Article Abstracts

Volume 51, No. 1

Cognitive and Affective Processes in Collection Management

Brian Quinn

The selection process in collection management has been characterized as based primarily on logical, ra-tional thinking processes. Psychologists, however, have discovered that judgment and decision making are not exclusively cognitive functions. They depend instead on a complex interaction between affect and cognition, feeling and thought. This paper attempts to explore some of these interactive processes and how they potentially influence the selection process in collection development. Some implications for how selectors approach their work are discussed as well.

Toward Releasing the Metadata Bottleneck: A Baseline Evaluation of Contributor-Supplied Metadata

Amanda J. Wilson

Metadata creation is one of the most expensive components of digital projects. Organizational expertise (the correct structure, syntax, and use of metadata elements) and subject expertise (the appropriate semantic descrip-tion of a resource’s content for users) are both needed to create a high-quality metadata record. Resource crea-tors are frequently considered good metadata generators. Contributors or subject enthusiasts in a discipline are another population that may be good candidates for metadata creation. In this study, the quality of contributor-supplied metadata is evaluated. Metadata records submitted through a Web form are compared to the final pub-lished version of the record. Structural and semantic errors are noted throughout the records evaluated. Overall, semantic quality was good, reflecting subject expertise. The appearance and type of structural errors suggests that improvements in the interface can reduce contributors’ need to have organizational expertise to create high-quality metadata records.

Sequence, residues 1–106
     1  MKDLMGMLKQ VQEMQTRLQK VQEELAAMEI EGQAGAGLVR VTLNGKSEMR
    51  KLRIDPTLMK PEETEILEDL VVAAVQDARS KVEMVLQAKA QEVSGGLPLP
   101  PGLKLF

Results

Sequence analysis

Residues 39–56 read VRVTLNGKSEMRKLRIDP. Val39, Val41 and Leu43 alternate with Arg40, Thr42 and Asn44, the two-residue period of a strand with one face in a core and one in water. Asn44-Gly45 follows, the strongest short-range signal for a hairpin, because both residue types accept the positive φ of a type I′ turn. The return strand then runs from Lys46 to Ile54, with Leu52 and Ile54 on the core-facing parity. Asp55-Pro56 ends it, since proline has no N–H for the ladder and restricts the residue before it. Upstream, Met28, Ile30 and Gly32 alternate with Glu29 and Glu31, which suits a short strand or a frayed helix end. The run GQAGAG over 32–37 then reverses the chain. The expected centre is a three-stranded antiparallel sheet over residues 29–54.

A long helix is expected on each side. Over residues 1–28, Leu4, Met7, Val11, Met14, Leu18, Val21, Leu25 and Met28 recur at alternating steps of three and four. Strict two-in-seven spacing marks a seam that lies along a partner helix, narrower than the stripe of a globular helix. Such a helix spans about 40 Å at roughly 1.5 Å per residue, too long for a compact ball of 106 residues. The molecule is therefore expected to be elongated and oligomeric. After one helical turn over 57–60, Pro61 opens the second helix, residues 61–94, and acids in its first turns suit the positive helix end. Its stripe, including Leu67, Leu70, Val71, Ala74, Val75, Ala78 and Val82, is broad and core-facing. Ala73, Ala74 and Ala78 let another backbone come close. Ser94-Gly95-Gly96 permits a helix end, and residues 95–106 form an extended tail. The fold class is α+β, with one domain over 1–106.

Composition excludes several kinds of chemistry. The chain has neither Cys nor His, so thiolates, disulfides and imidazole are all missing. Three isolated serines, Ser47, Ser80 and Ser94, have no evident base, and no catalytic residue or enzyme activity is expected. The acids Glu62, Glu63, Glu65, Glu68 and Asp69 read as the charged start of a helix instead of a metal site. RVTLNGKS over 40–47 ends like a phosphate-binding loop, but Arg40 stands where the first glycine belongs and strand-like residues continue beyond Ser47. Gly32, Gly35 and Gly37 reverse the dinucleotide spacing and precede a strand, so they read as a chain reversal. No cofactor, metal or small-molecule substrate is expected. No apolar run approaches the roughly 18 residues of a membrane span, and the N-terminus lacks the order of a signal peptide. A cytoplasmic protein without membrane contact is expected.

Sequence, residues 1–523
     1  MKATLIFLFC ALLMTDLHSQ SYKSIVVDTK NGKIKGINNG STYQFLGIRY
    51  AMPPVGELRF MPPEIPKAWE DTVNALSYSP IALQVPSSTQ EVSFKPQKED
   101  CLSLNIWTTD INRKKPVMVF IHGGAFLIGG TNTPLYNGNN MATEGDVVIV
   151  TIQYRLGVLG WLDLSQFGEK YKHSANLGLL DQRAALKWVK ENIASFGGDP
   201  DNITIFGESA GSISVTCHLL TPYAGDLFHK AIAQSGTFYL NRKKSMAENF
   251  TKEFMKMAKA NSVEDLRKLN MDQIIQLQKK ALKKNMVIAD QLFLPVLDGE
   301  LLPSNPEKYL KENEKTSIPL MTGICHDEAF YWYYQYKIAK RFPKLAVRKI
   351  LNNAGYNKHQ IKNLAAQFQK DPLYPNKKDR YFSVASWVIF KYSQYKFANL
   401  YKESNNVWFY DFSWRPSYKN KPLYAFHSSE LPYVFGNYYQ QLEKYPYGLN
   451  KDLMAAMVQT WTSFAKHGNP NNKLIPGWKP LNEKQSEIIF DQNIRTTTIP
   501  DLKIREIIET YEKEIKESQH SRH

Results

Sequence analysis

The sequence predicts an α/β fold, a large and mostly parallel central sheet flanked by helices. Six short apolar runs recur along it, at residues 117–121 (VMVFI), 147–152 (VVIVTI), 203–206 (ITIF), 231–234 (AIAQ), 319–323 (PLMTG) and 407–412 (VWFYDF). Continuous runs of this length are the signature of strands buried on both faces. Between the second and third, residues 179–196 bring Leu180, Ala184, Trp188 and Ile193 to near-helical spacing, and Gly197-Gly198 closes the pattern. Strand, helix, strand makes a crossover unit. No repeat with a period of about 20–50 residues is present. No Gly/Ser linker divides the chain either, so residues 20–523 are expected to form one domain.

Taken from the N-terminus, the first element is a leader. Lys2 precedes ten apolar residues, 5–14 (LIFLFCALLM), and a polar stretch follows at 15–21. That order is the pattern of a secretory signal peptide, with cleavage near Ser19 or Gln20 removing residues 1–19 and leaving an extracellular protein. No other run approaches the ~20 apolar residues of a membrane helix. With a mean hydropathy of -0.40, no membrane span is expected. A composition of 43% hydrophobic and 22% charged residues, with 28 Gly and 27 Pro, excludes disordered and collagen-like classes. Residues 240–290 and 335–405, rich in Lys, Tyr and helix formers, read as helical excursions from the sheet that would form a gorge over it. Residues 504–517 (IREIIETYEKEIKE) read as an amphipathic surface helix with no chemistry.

A Review and Analysis of Library Availability Studies

Thomas E. Nisonger

The concept of availability (can a library patron locate a desired item on a library’s shelves?) and Kantor’s branching method for identifying barriers to availability (acquisition, circulation, library operations, and the user) are described. A literature review identifies more than fifty investigations of availability reported in journal articles, dissertations, theses, or conference presentations during the last quarter century. The mean availability rates for known-item searches by actual patrons of 61.3 percent or 63.1 percent (depending on the calculation method) are quite similar to the 61 percent found in an earlier review covering the years 1934 to 1984. Analysis of availability in Kantor’s branches shows variation among libraries, but no branch standing out as a major bar-rier. The paper concludes with the argument that the traditional availability measure can be modified for use as an objective, user-centered evaluative tool in the electronic environment.

The Challenges of Change: A Review of Cataloging and Classification Literature, 2003–2004

Shawne D. Miksa

This paper reviews the enormous changes in cataloging and classification reflected in the literature of 2003 and 2004, and discusses major themes and issues. Traditional cataloging and classification tools have been re-vamped and new resources have emerged. Most notable themes are: the continuing influence of the Functional Requirements for Bibliographic Control (FRBR); the struggle to understand the ever-broadening concept of an “information entity”; steady developments in metadata-encoding standards; and the globalization of information systems, including multilinguistic challenges.